Grandmother Blasts Brazil for Selling Out Sean Goldman and Vows to Visit Him Soon

Silvana Bianchi Silvana Bianchi, the grandmother of Sean Goldman, the 9-year-old American boy who was taken to Brazil by his mother when he was 4 and who was returned to the United States, this Christmas Eve, met the press in Rio, on Christmas day, to talk about the departure of her grandson.

Bianchi, who had sent an open letter to Brazilian president Luiz Inácio Lula da Silva asking that Sean be heard by the courts so that he could tell the judge if he wished to stay in Brazil or live with his father in the US, once again criticized the decision of the Supreme Court that ordered the immediate handover of the boy to his American father.

"It was one of the saddest things in my life, because to me Sean was a younger son," the grandmother stated. "I had already lost my daughter, I kept Sean, my son Luca and the little girl. But to give up a child is a very painful thing."

She recalled how painful it was to have to say goodbye to the boy at Rio's US Consulate:

"I gave Sean a kiss and said, 'Sean, my heart and yours are going to be together forever, nobody can separate us.' What's inside my heart and what's inside Sean's heart no one will separate, no one will censor, no one will pull out as they did. After that we parted and so far I haven't had news of him."

She cried a lot and seemed outraged. "What they've done to my grandson is such a coward act, that sentence by Minister Gilmar Mendes is inhumane. He separated two siblings. I'm with a baby girl of 1 year and 5 months in my house who is asking me all the time where is her brother. To exchange my grandson for an economic agreement between two countries is an act with a child that has no adjective to describe it."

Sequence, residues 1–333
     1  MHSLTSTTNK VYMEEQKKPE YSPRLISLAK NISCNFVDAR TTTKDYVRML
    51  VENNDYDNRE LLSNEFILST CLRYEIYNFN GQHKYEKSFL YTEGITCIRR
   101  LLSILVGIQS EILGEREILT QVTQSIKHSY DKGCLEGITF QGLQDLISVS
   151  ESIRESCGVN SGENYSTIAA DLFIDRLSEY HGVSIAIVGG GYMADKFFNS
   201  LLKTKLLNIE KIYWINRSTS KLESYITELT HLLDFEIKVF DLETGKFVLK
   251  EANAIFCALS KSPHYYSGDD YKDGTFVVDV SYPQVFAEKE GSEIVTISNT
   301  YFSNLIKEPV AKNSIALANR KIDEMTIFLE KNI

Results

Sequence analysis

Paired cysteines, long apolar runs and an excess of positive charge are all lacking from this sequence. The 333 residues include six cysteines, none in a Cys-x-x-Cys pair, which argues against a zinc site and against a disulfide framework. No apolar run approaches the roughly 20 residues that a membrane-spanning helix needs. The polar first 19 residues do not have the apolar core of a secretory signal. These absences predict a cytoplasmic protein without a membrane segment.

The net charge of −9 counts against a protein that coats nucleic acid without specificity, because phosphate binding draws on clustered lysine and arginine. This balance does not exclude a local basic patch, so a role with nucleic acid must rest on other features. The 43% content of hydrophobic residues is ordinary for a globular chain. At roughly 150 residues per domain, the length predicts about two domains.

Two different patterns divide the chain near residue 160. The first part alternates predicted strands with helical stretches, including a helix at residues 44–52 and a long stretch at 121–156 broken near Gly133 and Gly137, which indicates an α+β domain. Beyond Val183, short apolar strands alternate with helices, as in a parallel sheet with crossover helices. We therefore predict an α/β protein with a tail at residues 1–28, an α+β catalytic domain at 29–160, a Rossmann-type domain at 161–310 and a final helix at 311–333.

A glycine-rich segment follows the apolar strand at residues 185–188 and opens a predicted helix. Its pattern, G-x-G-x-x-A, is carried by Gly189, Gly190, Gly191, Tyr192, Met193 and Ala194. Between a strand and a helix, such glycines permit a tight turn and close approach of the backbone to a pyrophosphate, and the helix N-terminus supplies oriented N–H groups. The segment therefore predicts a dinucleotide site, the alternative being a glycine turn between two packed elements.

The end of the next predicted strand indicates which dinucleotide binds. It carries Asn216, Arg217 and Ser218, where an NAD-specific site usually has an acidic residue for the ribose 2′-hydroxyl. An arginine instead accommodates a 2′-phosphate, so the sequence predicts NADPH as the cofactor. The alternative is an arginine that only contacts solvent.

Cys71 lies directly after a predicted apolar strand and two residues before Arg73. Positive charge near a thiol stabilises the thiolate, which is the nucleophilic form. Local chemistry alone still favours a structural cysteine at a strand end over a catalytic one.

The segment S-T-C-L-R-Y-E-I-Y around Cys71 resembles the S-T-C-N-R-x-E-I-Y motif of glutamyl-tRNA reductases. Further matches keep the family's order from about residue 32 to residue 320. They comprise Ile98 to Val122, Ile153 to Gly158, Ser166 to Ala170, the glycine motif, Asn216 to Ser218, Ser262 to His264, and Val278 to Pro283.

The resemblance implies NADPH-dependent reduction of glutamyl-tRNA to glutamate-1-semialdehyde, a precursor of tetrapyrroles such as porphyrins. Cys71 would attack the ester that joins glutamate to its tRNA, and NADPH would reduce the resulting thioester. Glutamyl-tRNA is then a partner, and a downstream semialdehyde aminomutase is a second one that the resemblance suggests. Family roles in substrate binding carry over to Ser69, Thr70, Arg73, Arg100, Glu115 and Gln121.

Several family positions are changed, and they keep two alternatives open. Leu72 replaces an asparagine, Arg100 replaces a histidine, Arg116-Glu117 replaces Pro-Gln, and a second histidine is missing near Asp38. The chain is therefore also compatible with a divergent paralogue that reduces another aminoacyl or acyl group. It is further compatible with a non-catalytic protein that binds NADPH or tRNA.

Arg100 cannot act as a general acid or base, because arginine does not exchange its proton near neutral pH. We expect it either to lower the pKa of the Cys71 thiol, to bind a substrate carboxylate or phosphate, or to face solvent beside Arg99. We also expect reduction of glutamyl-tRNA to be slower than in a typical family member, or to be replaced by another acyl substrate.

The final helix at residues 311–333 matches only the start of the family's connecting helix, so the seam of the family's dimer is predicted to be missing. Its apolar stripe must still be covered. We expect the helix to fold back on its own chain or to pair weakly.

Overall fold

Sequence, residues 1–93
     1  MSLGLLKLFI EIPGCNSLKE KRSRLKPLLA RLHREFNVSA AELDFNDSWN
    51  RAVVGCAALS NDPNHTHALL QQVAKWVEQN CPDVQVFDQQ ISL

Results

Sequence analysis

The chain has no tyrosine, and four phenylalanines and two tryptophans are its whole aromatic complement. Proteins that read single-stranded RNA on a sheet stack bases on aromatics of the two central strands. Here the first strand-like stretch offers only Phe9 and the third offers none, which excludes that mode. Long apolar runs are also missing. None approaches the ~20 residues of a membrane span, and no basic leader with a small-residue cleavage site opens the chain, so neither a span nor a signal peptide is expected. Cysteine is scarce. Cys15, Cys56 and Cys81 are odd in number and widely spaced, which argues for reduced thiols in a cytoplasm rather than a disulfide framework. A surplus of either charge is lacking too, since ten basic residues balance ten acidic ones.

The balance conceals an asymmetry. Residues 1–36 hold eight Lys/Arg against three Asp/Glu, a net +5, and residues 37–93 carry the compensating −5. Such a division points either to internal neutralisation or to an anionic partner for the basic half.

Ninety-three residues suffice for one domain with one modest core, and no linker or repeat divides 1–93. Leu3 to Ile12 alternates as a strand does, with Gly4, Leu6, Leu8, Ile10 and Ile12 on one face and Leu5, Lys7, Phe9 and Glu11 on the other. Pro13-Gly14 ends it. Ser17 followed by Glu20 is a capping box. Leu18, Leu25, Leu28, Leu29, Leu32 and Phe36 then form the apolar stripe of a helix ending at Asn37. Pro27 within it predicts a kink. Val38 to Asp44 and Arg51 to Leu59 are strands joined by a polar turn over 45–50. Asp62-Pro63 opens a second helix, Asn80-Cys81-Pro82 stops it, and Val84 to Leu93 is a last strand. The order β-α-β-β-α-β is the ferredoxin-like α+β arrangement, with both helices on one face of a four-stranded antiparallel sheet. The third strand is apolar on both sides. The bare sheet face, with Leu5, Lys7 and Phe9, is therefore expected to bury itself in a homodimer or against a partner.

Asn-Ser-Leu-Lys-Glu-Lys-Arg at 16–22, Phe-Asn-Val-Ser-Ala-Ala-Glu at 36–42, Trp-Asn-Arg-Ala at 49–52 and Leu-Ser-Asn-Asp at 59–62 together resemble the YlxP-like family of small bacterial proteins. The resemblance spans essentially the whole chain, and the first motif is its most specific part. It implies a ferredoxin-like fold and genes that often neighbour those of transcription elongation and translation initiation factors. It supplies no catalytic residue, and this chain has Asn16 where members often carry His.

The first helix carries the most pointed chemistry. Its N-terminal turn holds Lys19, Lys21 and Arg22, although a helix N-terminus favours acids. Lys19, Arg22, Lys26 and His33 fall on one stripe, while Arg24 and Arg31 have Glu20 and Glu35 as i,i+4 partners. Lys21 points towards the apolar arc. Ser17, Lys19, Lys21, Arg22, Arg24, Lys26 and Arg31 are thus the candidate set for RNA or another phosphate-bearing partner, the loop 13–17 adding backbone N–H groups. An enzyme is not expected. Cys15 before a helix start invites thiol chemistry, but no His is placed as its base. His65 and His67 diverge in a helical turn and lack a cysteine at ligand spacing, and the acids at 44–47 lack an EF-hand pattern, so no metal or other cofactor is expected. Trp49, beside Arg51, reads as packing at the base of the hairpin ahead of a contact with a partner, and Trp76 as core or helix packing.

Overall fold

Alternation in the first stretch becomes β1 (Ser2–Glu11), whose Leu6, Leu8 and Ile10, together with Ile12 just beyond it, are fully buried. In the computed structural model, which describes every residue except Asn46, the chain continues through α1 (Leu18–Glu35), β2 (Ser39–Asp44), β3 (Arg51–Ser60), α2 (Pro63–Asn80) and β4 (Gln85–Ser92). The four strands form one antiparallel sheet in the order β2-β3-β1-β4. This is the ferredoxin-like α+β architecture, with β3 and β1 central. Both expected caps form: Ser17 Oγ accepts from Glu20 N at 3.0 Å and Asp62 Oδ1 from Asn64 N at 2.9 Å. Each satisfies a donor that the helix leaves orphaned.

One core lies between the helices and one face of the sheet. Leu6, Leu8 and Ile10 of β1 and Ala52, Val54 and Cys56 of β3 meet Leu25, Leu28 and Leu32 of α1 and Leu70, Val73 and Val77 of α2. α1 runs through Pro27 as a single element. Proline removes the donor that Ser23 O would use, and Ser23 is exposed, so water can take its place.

Sean's uncle, Luca Bianchi, who also participated in the press conference, commented that David Goldman, Sean's father, showed no interest in seeing the child before the death of Bruna Bianchi, the boy's mother and his sister, who died while giving birth to daughter Chiara, a little over one year ago.

"The first time he requested to visit Sean was a week after the death of my sister. Before that, I believe that for 4 years and 8 months, he never asked to visit the son," said Luca, who also told reporters how the boy acted upon learning he would have to go back to the US.

"There are two things he said the day he got the news that stuck in my head. The first was when we said, 'Look, Sean, we lost, we did everything we could, but now there's nothing else we can do, you will have to go back to the United States'. He said: 'But how? But I don't want. I don't want.' We told him, 'But it's the law.' He then said: 'Damn, I lost my mother and now am I going to lose my whole family?"

The Bianchis say they want to go as soon as they can to the United States, but they want to be sure that they will be allowed to see  Sean.

"We will ask for visitation rights, through the Brazilian embassy in Washington and this visit will happen as soon as possible," said the grandmother.

Sergio Tostes, the family's lawyer, showed the press the Christmas card made by Sean and sent to him and his wife.

"I want to show the card he sent us: 'Sergio and Etilene, thanks for the help and three million things more. I write little because this can't be explained with words. Merry Christmas, a kiss, Sean. Don't throw this away. I made it myself,'" read Tostes.

"This was a lovely boy, this boy who they said was not mature enough to express his opinion," the lawyer added.

In the Attorney General's Office, no one was found to talk about the Bianchis interview. The Supreme Court and the Planalto Palace, Lula's office, declined to comment on their statements.


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